Posted tagged ‘Health Insurance’

Health insurance hunter: secondary claims

May 15, 2018

I work for a small nonprofit organization in Hawaii, and it was eye-opening to enter the mysterious world of health insurance coding and billing. I gained a new appreciation for my doctor (aka primary care physician), my son’s pediatrician, my dentist, and my optometrist.

Earlier this year, I shared some stories about the sometimes confusing and frustrating health insurance claims process. But it doesn’t end there.

Some people have multiple health insurance policies. These secondary claims are tricky. The secondary plans often, but not always, pay the copayment or coinsurance (aka the “patient’s responsibility”). The secondary plans sometimes, but not always, pay for services that the primary plan does not cover.

Healthcare providers have to verify which insurance is primary. We have to verify which claims are forwarded (“crossover”) automatically, and which must be submitted manually. Sometimes we have to identify that there is a secondary plan, to avoid duplicate billing.

Some days I have to be a health insurance hunter, and other days I have to be a secondary claims health insurance hunter. Here are a few stories…

Why is there a payment and denial? The best insurance plans are the ones that automatically forward claims to the secondary plan – and let you know it upfront. We submitted a claim to Payer A1, and received a payment. Then we submitted a secondary claim to PayerA2, and received a payment – as well as a denial notice. Why? Because we sent a duplicate claim. That’s when we found out that Payer A1 automatically forwards claims to Payer A2.

The two copayments. We submitted a claim to Payer B1, and received a payment, along with a notice that the client had a copayment. The client paid the copayment. Then we received a payment from Payer B2. We didn’t know that the client had a secondary plan and we didn’t know that Payer B1 automatically forwarded claims to Payer B2. We refunded the client, with our apologies.

Why did they pay? We submitted a secondary claim to Payer C2, and received more than we expected. We immediately called Payer C2 to let them know about the overpayment, and set the check aside. Three months later, we received a letter saying that an “audit” uncovered the overpayment. Payer C2 demanded repayment – even though we never deposited the check – and threatened to deduct the amount from future payments, without apologizing for their mistake.

Why didn’t they pay? We submitted a claim to Payer D1, and received a payment, along with a notice that the client had a copayment. We submitted a secondary claim to Payer D2 for the copayment, but received a denial letter. Their explanation: the amount Payer D1 paid was more than the amount Payer D2 would have paid as the primary plan (even though Payer D2 is not the primary plan).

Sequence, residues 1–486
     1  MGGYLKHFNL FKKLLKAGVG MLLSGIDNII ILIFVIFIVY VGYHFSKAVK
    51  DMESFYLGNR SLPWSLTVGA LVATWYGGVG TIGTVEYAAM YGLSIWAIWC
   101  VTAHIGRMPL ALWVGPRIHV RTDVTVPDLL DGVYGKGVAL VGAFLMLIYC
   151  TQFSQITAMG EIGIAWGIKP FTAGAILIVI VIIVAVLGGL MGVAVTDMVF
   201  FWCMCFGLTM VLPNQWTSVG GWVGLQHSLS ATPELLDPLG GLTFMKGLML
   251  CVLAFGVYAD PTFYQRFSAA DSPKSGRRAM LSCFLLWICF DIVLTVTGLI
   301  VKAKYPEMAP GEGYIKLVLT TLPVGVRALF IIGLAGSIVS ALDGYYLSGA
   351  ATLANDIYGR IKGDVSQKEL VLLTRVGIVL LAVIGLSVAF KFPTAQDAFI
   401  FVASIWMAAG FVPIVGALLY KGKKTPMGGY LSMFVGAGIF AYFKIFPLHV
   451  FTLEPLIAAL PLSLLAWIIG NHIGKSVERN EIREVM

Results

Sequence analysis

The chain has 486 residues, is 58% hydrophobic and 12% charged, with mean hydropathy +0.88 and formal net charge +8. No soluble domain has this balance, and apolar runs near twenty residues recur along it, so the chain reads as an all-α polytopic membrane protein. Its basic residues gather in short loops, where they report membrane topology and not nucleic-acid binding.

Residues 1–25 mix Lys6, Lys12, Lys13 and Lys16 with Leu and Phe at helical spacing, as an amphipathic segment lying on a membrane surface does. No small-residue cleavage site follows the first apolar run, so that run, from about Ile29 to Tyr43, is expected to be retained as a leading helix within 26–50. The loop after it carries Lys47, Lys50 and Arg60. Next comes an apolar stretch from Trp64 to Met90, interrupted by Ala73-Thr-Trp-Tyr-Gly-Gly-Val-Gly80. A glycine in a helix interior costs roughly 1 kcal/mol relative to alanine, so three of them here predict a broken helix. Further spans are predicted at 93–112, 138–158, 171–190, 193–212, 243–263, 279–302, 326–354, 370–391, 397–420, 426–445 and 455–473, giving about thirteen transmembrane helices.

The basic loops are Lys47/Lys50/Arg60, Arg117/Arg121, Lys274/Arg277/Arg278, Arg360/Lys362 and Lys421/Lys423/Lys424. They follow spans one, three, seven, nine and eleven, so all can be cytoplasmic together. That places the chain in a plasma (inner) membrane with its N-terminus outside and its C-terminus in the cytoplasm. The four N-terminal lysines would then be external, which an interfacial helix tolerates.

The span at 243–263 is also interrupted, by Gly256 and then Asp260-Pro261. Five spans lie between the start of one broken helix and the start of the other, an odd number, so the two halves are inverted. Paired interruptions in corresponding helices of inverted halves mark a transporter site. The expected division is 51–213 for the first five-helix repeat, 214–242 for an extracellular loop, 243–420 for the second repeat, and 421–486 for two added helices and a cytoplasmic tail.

Are you satisfied with your health insurance plan(s)? Are your health care premiums affordable? What about your copayments or coinsurance?


Artwork courtesy of


Health insurance hunter

February 6, 2018

I work for a small nonprofit organization in Hawaii, and it was eye-opening to enter the mysterious world of health insurance coding and billing. Every medical procedure is reduced to numbers: provider account numbers, tax IDs, subscriber account numbers, dates of birth, diagnosis codes that prove medical necessity, and billing codes.

Sometimes, the confusing, frustrating, and impersonal claims process makes me long for a single-payer health care system.

Some days I have to be a health insurance hunter. Here are a few stories…

Who’s the payer? We submitted a claim to Payer A, but they denied the claim. Payer A said that yes, the client has insurance, the client had a “replacement” plan, and Payer B is responsible. Payer B said that yes, they are the insurance provider, but they are the secondary payer. We need to bill Payer C, and then submit a claim to Payer B.

There’s a lesson here: because of privacy issues, health insurance companies can’t share information indiscriminately. When there is more than one health insurance plan, clients have the responsibility to contact their plan administrators.